With the enticing smell of Filipino-Chinese dishes wafting through the streets and the Hokkien dialect still spoken in daily conversation, Manila’s Chinatown is an enduring reminder of Chinese presence in the Philippine capital.
Situated across the Pasig River from Intramuros, the former headquarters of the colonial Spanish government, the bustling district of Binondo is considered the world’s first and oldest Chinatown.
The Filipino-Chinese Friendship arch that serves as an entrance into Binondo. Image: Instagram @world_citizen_64
Established in 1594 by Governor and Captain-General of the Philippines Luis Prez Dasmarias, Binondo was intended as a permanent settlement for Chinese immigrants, particularly those who had converted to Catholicism and intermarried with indigenous Filipinos.
The Spanish were distrustful of the Chinese, and Binondo was said to have been intentionally situated to put some distance between the Spanish elite and sangleys – an archaic and derogatory term for pure-blooded Chinese immigrants – but close enough to keep an eye on them amid fears of an imminent invasion from China.
The settlement was a big deal to sangleys in Manila, as Chinese tradesmen and artisans in Manila were previously confined to the Parin after they were forbidden from living within Intramuros.
The land was granted to the community in perpetuity, tax-free and with the power to appoint their own governor, giving the Chinese a small measure of autonomy and security.
While those who did not convert were left behind in the Parin, Catholic sangleys and the Chinese mestizo community thrived in Binondo.
Spanish Dominican priests soon set up Binondo Church in 1596, and went on to convert even more of its residents to Catholicism.
Binondo Church in 1902. Image: Jennifer Hallock / Pinterest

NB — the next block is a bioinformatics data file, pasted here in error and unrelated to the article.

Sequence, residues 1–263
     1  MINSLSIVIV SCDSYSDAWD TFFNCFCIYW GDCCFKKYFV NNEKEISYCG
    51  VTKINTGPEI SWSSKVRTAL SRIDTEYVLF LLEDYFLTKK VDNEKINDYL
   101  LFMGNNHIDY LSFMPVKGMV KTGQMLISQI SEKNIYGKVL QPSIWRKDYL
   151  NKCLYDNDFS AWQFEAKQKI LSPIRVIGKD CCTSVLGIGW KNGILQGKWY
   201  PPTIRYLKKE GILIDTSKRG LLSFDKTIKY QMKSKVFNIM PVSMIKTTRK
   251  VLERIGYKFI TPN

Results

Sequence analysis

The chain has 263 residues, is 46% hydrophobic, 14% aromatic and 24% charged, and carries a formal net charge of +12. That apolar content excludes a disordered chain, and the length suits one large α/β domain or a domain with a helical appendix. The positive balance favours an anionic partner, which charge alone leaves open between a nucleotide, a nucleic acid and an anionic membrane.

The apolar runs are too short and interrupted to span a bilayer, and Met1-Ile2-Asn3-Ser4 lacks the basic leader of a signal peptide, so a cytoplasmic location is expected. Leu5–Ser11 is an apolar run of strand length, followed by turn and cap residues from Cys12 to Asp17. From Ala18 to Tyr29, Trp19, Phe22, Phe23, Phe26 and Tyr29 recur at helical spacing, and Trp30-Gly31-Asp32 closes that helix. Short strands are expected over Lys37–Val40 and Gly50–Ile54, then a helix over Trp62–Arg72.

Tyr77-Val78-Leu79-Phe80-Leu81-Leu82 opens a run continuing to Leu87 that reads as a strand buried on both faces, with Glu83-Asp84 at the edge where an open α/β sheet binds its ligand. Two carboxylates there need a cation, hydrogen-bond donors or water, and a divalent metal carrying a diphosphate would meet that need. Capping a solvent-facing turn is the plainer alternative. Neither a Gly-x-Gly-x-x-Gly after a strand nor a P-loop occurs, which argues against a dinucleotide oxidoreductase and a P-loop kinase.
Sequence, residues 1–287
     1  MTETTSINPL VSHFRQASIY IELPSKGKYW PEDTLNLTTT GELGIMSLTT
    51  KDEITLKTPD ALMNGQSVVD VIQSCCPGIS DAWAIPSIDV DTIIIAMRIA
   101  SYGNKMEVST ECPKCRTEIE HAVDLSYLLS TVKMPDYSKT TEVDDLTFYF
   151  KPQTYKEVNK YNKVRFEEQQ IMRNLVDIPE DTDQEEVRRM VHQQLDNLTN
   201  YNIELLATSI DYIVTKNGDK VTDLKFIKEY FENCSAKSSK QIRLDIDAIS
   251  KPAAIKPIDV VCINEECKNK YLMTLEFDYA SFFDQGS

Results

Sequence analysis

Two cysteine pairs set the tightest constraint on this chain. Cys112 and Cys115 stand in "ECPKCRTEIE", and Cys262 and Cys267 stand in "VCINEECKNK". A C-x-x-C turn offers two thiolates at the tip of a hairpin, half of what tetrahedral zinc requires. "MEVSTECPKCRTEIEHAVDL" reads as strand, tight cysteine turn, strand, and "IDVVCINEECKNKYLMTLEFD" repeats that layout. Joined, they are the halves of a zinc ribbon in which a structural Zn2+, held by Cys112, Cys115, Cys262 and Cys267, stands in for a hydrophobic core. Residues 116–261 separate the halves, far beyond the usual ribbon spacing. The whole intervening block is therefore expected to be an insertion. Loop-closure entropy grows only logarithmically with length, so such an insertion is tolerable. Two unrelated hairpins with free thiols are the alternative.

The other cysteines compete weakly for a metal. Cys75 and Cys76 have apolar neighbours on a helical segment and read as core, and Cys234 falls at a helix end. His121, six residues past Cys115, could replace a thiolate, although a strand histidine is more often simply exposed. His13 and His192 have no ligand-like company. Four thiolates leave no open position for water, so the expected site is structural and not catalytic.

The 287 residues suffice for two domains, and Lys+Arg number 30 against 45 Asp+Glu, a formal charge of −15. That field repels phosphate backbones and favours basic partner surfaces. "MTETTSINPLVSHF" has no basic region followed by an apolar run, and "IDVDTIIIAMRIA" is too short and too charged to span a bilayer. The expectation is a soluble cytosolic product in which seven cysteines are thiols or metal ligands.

In the years that followed, Binondo became the first stop for Chinese immigrants who arrived in Manila in search of a new life.
Even after over 20,000 sangleys were killed during the Sangley Rebellion in 1603 – which, incidentally, also claimed the life of Dasmarias – Chinese merchants and tradesmen, mostly from the coastal province of Fujian in southeastern China, continued to flock there.
By the late 19th century, Binondo had become the main centre of business and finance of colonial Manila.
Escolta Street emerged as the city’s primary commercial district, housing insurance companies, commercial banks and department stores, as well as some of the city’s earliest skyscrapers, such as the Manila Stock Exchange.
Escolta Street in the 1960s. Image: Instagram @jovzbazaar
In its heyday, before World War II, Binondo was often referred to as the “Wall Street of the Philippines”.
After the war, many businesses and financial institutions began shifting south to the city of Makati, which eventually replaced Binondo as Manila’s central business district.
While Binondo is no longer the main financial hub, the district’s long legacy of trade lives on in the Filipino-Chinese businesses that continue to thrive there today.
Ongpin Street in Binondo. Image: Instagram @deybidluis
Locals and tourists alike flock to Divisoria to scour for bargains on goods ranging from trinkets and traditional herbs to clothing and jewellery.
Restaurants and food stalls on Ongpin Street and Carvajal Street offer Chinese-Filipino dishes like lumpia (spring rolls), hopia ube (a mooncake-like pastry with purple yam filling), pansit guisado (stir-fried rice noodles) and siopao (steamed buns).
The streets of Binondo are particularly alive in the days leading up to Chinese New Year, as the community prepares for the celebration.
Shanghai Fried Siopao on Ongpin Street (left) and New Po Heng Lumpia House (right). Image: Instagram @friendswithbacon and @eatboydotcom
Despite centuries of colonial influence and modern developments, the residents of Binondo have never forgotten their roots and the traditions brought over by their ancestors.
Hokkien (or Fookienese, as it’s known locally) is still spoken here, while incense sticks are burnt in front of church altars, a sight unique to Manila’s Chinatown.
Binondo Church (left) and the Santo Cristo de Longos shrine (right). Image: Instagram @jcyjames and @leicatweeter
Even with modern shopping malls and high-rise condominiums popping up in recent years, most of Binondo’s historical structures and shophouses still reflect their origins.
With guided tours showcasing the best of Binondo’s food as well as cultural and historical sights gaining popularity over the last few years, it seems the district’s distinct old world charm will prevail for years to come.